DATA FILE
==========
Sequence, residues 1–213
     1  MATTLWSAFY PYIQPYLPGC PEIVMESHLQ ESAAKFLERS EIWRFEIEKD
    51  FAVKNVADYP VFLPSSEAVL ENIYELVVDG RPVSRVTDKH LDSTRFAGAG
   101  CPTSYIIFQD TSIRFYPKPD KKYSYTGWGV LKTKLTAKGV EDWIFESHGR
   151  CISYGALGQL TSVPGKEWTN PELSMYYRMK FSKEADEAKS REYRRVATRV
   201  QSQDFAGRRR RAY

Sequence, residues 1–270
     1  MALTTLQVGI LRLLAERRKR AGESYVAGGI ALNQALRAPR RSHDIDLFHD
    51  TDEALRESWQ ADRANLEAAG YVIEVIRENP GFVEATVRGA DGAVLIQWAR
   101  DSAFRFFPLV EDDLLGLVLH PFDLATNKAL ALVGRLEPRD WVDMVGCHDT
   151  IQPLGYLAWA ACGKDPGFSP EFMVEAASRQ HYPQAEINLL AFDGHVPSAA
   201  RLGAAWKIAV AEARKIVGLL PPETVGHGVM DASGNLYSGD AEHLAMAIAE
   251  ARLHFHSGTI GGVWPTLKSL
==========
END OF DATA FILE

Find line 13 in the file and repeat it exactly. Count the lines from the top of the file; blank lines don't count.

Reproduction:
   251  ARLHFHSGTI GGVWPTLKSL